HCMC’s 'city within city' lacks precedent, legal framework

By Trung Son   May 3, 2020 | 05:33 am PT
HCMC’s 'city within city' lacks precedent, legal framework
Part of HCMC's hi-tech park in District 9, November, 2019. The park has been deemed to play a key role in the city's plan to build its innovative urban area. Photo by VnExpress/Quynh Tran.
A HCMC master plan to build an “innovative urban area” en route to becoming a smart city looks likely to remain on paper.

This area, in the making since 2017, would combine three of the southern metropolis’s eastern districts into one innovative hub. City authorities had said then that the plan would generate a bright future for both local residents and businesses. It would encompass the hi-tech park in District 9, the university precinct in Thu Duc District and the new urban area and financial center on the Thu Thiem Peninsula in District 2.

But the Construction Ministry has thrown a spanner into the works, saying there is no precedent in the country to establish "a city inside a city" by combining three districts.

Responding to an April letter from city authorities that asked for the ministry’s feedback on steps to implement this plan, it also said that there was no legal framework to establish such an area.

It noted that the resolution on preferential mechanisms and policies aimed specifically at developing HCMC, approved by the National Assembly in 2017, does not have any regulation on setting up a city inside a city.

The ministry also said that while HCMC has been planning on developing the innovative and highly interactive urban area in the eastern part, it has not made clear if there is a general urban plan for it and whether such a plan has been studied and approved.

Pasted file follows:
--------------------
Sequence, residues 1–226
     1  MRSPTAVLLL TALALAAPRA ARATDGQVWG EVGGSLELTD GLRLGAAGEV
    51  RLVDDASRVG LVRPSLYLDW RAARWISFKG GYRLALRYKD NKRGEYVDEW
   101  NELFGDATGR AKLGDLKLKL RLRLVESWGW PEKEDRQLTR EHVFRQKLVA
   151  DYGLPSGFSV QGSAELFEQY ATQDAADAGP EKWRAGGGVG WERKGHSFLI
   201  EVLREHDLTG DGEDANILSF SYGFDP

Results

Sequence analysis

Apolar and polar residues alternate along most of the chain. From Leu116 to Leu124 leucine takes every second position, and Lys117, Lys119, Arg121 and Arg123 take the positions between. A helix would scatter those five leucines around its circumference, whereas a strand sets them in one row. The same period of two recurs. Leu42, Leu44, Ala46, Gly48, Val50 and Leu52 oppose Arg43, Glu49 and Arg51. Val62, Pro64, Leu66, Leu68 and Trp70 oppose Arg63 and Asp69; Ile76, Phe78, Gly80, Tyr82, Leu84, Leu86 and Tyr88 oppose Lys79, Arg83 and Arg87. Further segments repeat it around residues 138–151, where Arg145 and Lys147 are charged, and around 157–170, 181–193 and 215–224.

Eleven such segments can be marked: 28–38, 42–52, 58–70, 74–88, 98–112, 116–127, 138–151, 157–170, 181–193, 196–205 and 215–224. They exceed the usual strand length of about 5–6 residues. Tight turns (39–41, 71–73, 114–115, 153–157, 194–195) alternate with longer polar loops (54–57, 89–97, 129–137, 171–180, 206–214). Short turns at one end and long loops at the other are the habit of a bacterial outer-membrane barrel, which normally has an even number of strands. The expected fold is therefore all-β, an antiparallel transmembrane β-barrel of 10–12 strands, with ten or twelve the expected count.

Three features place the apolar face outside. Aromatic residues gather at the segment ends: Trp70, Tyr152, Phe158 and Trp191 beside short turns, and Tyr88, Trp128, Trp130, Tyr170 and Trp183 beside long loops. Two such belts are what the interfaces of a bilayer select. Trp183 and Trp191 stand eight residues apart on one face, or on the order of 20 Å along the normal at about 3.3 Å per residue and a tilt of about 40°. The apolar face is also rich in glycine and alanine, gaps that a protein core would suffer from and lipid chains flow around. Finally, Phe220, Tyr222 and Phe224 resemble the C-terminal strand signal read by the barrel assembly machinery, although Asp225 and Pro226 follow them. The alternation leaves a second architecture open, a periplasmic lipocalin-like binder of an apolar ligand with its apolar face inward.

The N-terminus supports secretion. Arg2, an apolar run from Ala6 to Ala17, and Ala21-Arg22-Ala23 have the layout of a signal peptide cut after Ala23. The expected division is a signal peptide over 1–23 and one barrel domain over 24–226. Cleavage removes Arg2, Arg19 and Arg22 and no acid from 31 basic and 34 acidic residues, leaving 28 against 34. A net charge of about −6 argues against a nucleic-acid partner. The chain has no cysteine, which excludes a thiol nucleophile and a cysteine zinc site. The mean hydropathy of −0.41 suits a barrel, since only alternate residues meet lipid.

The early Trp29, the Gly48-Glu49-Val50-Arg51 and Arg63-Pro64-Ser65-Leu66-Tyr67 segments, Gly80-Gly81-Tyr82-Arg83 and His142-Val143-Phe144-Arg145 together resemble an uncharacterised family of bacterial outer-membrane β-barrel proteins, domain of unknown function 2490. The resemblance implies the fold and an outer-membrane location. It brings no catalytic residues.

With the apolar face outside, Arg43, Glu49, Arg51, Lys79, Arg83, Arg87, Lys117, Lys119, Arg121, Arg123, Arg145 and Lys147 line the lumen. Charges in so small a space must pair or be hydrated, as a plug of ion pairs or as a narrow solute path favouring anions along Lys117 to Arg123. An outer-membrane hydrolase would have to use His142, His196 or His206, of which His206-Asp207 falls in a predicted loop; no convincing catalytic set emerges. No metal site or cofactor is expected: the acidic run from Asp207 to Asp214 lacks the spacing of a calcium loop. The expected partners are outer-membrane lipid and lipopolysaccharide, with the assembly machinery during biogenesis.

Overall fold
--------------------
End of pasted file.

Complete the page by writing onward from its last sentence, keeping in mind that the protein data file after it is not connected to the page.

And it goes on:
Furthermore, in a master plan to develop the city until 2025 that the government approved in 2010, there is no mention of such an innovative urban area, the ministry noted.

Meanwhile in its latest move, the city had this week set up a steering committee with 22 members headed by Chairman Nguyen Thanh Phong to oversee building of the "innovative urban area."

As HCMC planned it, the "Eastern Town" would be spread over more than 22,000 hectares (54,300 acres) with a population of over 1.1 million.

The city expected that this innovative and highly interactive hub would thrive from already existing pillars – the hi-tech park where 13 groups are operating on an area of more than 1,000 hectares, the university precinct with 18 universities, and the Thu Thiem new urban area and financial center, which is being built on an area of 657 hectares.

Chairman Phong said earlier that the town would not only boost the city’s economy but also that of the southern key economic zone, which comprises HCMC and the localities of Dong Nai, Binh Duong, Ba-Ria Vung Tau, Binh Phuoc, Tay Ninh, Long An and Tien Giang. The zone acquired significance in the context of the nation becoming part of the Fourth Industrial Revolution, referred to commonly as Industry 4.0.

The new area was also expected to contribute to the establishment of value added chains based on high technology, modern technical and social infrastructure of international standards, and effective financial support for businesses.

It was to play a key role in linking scientific and technical research with commercial production to boost residents’ lifestyle to international standards.

At a 2018 meeting, the city's Party chief Nguyen Thien Nhan had said if the city fails to connect the three districts of 9, 2 and Thu Duc, it will be unable to turn startup ideas into reality, which would be a huge waste of public resources.

"This will be Vietnam's Silicon Valley," Le Van Thanh of the HCMC Institute for Development Studies had said at that meeting.

The "innovative urban area" was part of a plan to turn the country’s largest city into a smart city by 2020. Its ambition was to use scientific advances to resolve the problems the city faces, including rapid population growth, unsustainable economic growth, inadequate forecasting, planning and management, inadequate healthcare, education and public transportation, pollution, and inefficient public administration.

The city said it was studying the use of artificial intelligence to help achieve its goals including the establishment of the "city within the city."

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